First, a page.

The lifeblood of the UAE is at stake in today’s science
We all know “water is life”. But here in the UAE, it’s also a precious and scarce resource. There is very little naturally available in this arid region. That poses a challenge not only to the government and utility providers, but also to the scientists at the Masdar Institute of Science and Technology. That is why we are putting so much attention on how we can improve access to water and mitigate some of the concerns over water security.
As this week’s meeting of the Federal National Council revealed, desalination provides 65 per cent of the water used in the UAE for domestic, commercial and industrial purposes. Desalination technology has provided the water resources that have allowed the country to grow at an amazing rate and given residents a quality of life that is rare in the region.
But the technology also has limitations, as the FNC meeting pointed out. The process of turning sea water into sweet water is energy intensive and requires the burning of fossil fuels, which contributes to global climate change. The reliance on fossil fuels also makes desalination a costly process that must be offset by governments through subsidies or by higher costs for the consumer.
All of these concerns leave a question mark over the UAE’s use of desalination. As the FNC members pointed out, desalination is costly, has an impact on the environment, and is heavily relied upon. In the past, we have had to simply work within these limits. But now, we know this isn’t the case. Science has come a long way in the years since many of the UAE’s 83 desalination plants were built. Desalination is becoming more energy efficient and has a lesser impact on the environment.
We are looking to improve the efficiency of producing sweet water even more in the future. At Masdar Institute’s Water and Environment Engineering Programme, we are researching a number of technologies and systems that we hope will improve water security. There are currently a number of research projects looking to make desalination a less carbon-intensive project by harnessing the Gulf region’s ever-present sunshine.
One relevant study is looking at the technical performance of newly developed membrane desalination and pre-treatment systems versus conventional ones, to measure actual benefits and identify margins of improvement. We are comparing reverse osmosis (which has the largest market share in desalination), membrane distillation and forward osmosis (which show good potential for lower energy consumption and water production costs), and nano-filtration, for the removal of chemicals during pre-treatment.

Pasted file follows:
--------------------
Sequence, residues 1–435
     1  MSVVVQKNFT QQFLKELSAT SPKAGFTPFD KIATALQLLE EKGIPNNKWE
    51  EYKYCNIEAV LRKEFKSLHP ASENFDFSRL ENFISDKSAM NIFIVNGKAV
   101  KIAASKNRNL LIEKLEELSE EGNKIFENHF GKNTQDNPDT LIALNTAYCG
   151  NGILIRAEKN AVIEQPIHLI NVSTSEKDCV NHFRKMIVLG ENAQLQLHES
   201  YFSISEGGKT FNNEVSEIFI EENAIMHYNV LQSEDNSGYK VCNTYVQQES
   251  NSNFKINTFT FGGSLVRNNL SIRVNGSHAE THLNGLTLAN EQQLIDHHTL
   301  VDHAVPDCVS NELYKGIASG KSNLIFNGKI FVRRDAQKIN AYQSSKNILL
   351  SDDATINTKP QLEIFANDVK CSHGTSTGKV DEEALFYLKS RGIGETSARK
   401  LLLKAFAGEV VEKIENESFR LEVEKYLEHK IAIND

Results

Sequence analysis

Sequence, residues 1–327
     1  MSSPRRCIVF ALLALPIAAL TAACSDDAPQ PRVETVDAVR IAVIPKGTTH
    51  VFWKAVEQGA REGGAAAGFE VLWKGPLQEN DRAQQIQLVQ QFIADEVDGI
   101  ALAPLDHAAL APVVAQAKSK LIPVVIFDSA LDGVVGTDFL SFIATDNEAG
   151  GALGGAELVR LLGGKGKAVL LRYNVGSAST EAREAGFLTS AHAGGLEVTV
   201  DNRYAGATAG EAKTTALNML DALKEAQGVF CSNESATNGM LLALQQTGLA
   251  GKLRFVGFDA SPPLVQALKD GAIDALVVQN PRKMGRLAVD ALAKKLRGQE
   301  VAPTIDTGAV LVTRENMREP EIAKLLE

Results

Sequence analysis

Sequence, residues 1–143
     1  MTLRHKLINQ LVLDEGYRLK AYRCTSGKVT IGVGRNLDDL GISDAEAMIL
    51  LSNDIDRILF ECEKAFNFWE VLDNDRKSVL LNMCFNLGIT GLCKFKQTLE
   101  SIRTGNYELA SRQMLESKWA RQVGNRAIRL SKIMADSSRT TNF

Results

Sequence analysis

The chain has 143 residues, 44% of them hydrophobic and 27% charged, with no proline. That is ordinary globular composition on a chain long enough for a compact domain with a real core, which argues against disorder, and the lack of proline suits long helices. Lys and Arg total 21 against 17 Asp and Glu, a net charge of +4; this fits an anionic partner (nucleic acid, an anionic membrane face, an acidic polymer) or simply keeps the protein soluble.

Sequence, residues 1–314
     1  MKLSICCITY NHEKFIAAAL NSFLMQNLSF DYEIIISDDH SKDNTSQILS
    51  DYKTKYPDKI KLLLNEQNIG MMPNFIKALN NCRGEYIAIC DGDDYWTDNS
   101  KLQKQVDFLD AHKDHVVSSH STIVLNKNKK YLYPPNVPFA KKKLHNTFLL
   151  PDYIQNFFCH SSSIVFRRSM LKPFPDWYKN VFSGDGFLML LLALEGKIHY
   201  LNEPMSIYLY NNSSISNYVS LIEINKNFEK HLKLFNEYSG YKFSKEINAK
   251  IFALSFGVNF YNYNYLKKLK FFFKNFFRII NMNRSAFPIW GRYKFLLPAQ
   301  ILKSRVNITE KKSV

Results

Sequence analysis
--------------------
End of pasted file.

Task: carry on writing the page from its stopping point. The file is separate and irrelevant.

Masdar Institute is also looking into making the most of the UAE’s groundwater resources. The country has very little naturally occurring groundwater and only 3 per cent is fresh – the rest is brackish and/or hyper-saline, which has greatly limited how and even whether it can be used for human needs.
Another team of scientists at Masdar is looking to develop a novel high-yield and cost-effective solar still that will give the UAE the option of using some of its untapped groundwater resources. A solar still is a low-tech way of distilling water from the sun’s energy. It uses evaporation to produce water that is free of impurities such as salts, heavy metals and microbiological organisms.
We are looking to develop a still that could utilise the UAE’s available geothermal and solar energy resources to produce fresh water in a sustainable and environmentally friendly way. These solar stills could also allow UAE residents in remote areas to utilise previously unusable groundwater, thus reducing dependence on desalinated seawater.
A third aspect to improving the UAE’s water security comes from harvesting wastewater. As Mohammed al Zaabi, an FNC member from Sharjah, said at the meeting: wasted water is a “luxury that is making us poor”. Currently very little wastewater in the UAE is treated and reused, with only about 9 per cent of the water used for agriculture coming from treated wastewater. Governments and scientists today now agree that in the future, wastewater will have to be viewed as a true resource and will need to be used in whatever way possible.
The Institute is researching a number of ways to help improve the quality and efficiency of wastewater treatment. One area of interest is bio-electrochemical systems to develop an energy efficient way to oxidate organic matter in municipal wastewater. The systems use indigenous microbial cultures. By removing some of the more energy-intensive processes, the cost of turning wastewater into useable water can be reduced.
After improving the desalination methods, groundwater extraction and wastewater treatment potential, the last piece of the water security puzzle is water storage. Existing groundwater supplies are scarce, wastewater may only have limited uses and, most importantly, desalination produces water for immediate use. For water security, the UAE needs to increase its stored water.
One potential solution to the water storage question is the recharging of aquifers. Many have been emptied over the years, but still hold the potential to be refilled as self-cleaning, self-maintaining water reservoirs. Masdar’s work in isotopic fingerprinting is giving science a unique view into the flow of water through an aquifer, allowing us to understand the limits and potential so we may safely utilise this resource in the future.
These are just some of the research projects being undertaken at Masdar Institute through its Water and Environmental Engineering Programme. We hope the UAE Government, academia and industry will join us in supporting this critical research to help safeguard our collective future.
This article was authored by Masdar Institute faculty in the Water and Environmental Engineering Department, including Dr. Farrukh Ahmad, Dr. Hassan Arafat, Dr. Hassan Fath, Dr. Hosni Ghedira, Dr. Isam Janajreh and Dr. Toufic Mezher.